Google blames Chinese censors for outage


Tensions ran high again Tuesday when Google Inc. blamed Chinese government censors for a temporary outage of its search engine in mainland China.

Even as access to Google was restored, the public outcry over the interruption underscored the heightened sensitivity of Chinese Internet users who fear Beijing regulators will permanently block Google as retaliation for the company’s recent defiant public stand against censorship in China.

China’s powerful filtering system, dubbed “the Great Firewall,” has blocked other U.S. sites such as Facebook, Twitter and YouTube that ran afoul of government watchdogs.

Last week Google shut down its Chinese-language search engine and redirected users to an uncensored version in Hong Kong, a special administrative region of the People’s Republic of China that still functions as an independent state. The retreat ended Google’s four-year experiment operating a Chinese-language search engine under Beijing’s restrictive censorship rules.

Shortly after Google announced its withdrawal from China, the state-run Xinhua news agency quoted an unnamed official at the State Council Information Office calling the decision “totally wrong.”

Google initially attributed Tuesday’s outage to a technical glitch, a string of text -- “gs_rfai” -- that began appearing in Web addresses. Because of the characters “rfa,” Chinese filtering systems associated the searches with Radio Free Asia, which is inaccessible in China, the Internet search giant concluded.

Google did not say how the string of text was created. Chinese Internet users speculated that the addition of the characters triggered the error messages.

After an investigation, Google on Tuesday blamed the outage on China’s Internet filtering system.

“It’s clear we actually added this parameter a week ago. So whatever happened today to block must have been as a result of a change in the Great Firewall,” a Google spokesman said. “Our search traffic in China is now back to normal, even though we have not made any changes at our end.”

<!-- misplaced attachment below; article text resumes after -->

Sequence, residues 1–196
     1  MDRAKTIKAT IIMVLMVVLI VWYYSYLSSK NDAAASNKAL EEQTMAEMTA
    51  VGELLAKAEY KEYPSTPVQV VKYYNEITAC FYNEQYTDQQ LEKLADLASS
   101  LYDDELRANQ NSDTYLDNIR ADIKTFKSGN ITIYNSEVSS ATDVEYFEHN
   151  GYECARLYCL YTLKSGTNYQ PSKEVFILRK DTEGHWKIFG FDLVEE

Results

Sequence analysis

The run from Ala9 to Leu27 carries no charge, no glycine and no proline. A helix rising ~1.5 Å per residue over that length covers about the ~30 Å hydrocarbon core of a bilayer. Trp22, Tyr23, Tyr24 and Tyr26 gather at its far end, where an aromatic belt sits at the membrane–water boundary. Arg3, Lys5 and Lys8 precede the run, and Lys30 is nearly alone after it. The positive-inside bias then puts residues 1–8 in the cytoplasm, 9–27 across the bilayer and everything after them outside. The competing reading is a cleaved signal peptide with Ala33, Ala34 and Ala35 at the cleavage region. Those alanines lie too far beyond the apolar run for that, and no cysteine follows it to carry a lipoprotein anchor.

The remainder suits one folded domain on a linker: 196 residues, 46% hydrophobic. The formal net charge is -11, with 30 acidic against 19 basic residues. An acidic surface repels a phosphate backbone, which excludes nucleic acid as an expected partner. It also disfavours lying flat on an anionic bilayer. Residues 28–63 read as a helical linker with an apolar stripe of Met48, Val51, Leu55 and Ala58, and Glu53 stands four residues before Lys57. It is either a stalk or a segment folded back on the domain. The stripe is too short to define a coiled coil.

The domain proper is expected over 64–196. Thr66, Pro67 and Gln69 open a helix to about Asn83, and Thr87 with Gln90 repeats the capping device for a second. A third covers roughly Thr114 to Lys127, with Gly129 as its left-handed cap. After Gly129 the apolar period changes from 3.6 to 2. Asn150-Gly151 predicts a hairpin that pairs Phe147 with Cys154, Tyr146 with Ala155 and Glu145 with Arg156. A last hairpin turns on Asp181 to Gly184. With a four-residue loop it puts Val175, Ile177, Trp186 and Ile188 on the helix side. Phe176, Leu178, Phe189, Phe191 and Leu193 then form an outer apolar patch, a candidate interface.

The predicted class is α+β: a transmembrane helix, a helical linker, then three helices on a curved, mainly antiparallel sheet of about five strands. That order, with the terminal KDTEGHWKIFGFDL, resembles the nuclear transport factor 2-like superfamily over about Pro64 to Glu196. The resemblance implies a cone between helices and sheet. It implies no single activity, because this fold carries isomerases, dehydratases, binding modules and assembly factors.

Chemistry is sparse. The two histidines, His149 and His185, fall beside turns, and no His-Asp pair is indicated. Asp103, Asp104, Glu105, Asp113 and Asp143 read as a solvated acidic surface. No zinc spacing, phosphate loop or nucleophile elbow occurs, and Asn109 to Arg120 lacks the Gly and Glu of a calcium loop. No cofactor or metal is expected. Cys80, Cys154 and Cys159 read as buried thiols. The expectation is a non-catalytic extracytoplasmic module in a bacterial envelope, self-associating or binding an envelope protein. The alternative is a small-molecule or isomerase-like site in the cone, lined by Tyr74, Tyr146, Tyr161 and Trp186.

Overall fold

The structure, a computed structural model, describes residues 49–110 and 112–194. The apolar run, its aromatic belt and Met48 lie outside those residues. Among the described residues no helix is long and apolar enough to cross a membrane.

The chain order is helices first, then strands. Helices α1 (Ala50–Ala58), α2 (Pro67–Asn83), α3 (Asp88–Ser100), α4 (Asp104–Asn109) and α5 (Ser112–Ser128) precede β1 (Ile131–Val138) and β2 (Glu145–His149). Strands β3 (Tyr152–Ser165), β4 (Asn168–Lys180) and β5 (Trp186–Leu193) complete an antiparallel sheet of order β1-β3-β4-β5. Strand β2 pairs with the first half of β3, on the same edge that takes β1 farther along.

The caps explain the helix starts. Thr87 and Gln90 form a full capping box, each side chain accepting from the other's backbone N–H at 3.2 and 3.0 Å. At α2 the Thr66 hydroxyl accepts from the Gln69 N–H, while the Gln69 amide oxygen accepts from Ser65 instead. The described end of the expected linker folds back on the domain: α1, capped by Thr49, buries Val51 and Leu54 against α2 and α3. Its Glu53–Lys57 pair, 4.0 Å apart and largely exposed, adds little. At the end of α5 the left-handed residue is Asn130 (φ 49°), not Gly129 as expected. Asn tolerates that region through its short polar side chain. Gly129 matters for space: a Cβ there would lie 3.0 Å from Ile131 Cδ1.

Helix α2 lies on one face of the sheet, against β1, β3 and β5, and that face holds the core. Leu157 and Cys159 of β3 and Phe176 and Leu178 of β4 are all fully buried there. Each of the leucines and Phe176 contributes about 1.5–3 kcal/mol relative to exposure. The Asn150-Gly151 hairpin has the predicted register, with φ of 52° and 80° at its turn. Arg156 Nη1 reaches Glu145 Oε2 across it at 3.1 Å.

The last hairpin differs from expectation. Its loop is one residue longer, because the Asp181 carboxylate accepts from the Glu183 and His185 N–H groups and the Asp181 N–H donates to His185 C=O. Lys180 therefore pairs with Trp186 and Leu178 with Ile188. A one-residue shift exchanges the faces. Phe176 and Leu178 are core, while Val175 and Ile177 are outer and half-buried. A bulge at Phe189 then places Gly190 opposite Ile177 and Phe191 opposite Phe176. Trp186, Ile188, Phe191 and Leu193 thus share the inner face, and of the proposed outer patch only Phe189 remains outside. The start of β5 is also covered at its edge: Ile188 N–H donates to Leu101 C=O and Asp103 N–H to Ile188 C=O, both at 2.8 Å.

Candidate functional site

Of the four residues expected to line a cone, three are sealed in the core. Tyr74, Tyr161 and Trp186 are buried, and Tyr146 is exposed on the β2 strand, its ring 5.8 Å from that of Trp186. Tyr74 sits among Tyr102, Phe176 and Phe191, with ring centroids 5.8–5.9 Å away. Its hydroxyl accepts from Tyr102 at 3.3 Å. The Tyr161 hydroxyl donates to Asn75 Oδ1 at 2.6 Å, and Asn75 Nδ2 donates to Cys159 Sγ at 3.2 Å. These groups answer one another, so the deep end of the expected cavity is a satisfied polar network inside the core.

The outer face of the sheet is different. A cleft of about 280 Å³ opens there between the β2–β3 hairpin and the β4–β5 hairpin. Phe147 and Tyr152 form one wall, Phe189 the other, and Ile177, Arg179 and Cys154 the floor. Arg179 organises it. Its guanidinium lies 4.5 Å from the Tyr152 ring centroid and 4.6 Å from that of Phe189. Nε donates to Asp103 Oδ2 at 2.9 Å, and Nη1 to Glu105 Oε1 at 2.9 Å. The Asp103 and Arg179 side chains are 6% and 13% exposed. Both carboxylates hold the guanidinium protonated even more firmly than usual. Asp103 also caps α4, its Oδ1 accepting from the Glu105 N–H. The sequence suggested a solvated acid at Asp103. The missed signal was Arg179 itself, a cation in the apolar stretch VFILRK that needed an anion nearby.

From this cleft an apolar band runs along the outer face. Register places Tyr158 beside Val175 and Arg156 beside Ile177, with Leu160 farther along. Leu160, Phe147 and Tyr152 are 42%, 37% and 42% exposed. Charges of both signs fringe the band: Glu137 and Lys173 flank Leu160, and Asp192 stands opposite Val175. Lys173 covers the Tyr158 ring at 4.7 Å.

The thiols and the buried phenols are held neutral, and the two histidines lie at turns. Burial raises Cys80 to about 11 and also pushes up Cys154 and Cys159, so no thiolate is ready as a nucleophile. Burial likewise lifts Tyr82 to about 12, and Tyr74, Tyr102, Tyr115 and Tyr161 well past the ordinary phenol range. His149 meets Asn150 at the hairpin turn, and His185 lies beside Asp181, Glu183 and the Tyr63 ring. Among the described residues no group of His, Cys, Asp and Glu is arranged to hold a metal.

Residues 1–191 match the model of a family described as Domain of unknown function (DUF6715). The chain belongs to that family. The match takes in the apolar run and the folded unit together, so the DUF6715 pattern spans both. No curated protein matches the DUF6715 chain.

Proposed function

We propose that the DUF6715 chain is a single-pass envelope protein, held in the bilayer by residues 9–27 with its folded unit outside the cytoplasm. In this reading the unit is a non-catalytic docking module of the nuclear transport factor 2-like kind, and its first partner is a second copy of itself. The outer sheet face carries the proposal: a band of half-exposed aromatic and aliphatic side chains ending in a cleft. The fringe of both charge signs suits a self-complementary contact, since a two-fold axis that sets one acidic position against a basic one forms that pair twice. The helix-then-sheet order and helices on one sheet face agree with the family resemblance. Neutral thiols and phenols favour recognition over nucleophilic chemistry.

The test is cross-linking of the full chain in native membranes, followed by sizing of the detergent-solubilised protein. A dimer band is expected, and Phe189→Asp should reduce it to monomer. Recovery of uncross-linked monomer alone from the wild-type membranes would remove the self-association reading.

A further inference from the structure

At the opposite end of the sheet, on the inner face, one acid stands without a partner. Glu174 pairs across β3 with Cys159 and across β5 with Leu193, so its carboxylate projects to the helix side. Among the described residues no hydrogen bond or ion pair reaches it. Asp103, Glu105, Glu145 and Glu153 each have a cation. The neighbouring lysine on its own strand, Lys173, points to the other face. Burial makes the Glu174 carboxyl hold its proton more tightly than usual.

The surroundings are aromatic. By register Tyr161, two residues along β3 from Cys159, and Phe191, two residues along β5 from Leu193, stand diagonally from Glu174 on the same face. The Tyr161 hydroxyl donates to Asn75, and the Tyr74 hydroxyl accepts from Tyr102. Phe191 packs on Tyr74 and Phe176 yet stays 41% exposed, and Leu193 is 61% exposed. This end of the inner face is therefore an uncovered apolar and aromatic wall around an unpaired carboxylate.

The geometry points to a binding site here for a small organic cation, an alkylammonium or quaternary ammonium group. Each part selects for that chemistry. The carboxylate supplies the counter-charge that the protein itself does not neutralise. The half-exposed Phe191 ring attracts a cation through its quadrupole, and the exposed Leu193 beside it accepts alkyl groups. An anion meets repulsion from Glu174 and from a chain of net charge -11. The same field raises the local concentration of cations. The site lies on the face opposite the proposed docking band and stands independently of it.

The outage caused a stir in mainland China, where the government’s filtering system already blocked users from seeing sensitive results on the Hong Kong search engine. Searches for seemingly innocuous terms such as “Beijing” and “China” returned error messages.

Twitter users across the country reported outages of the search engine starting at around 5 p.m. On Sunday, Google reported that some of its mobile features were partially blocked.

In a separate incident Tuesday, the Associated Press reported that the Yahoo e-mail accounts belonging to foreign journalists appeared to have been hacked, drawing renewed attention to concerns over Internet security in China.

Google’s future in China is uncertain. Google, which operated the No. 2 search engine behind Chinese giant Baidu Inc., said it planned to maintain other business operations in China, including a sales team and a research and development facility. Analysts have predicted that the Chinese government will make remaining in China difficult.

UCLA business professor Christopher Tang said Google had handled the dispute poorly. “Once Google opened fire in a public way, it made it very difficult for either side to back down,” Tang said.

Xiao Qiang, director of the China Internet Project at UC Berkeley and founder of the China Digital Times, said the clash between Google and the Chinese government was inevitable: The technology powerhouse wants information to flow freely, while the rising economic superpower wants to control what its citizens can view online. Qiang and other observers predict China will eventually block access to Google’s search engine completely.

“The fact that a significant number of Internet users are using Google products -- its search engine, e-mail, documents -- is really in conflict with the Chinese government’s strategy to control the Internet,” Qiang said. “Now that Google is publicly defying Chinese censorship in front of the whole world, the government will punish it.”

Qiang expects resentment to grow among educated users who depend on Google services for their studies, research and daily lives. But it’s unlikely that Chinese netizens will challenge censorship policies in the near future, said Cynthia Wong, an attorney with the Center for Democracy & Technology.

“Hopefully over time it will lead to calls for change domestically, but the short-term impact of Google pulling out of the China market will not be much,” Wong said.

Google officials acknowledge that their services could be blocked at any time.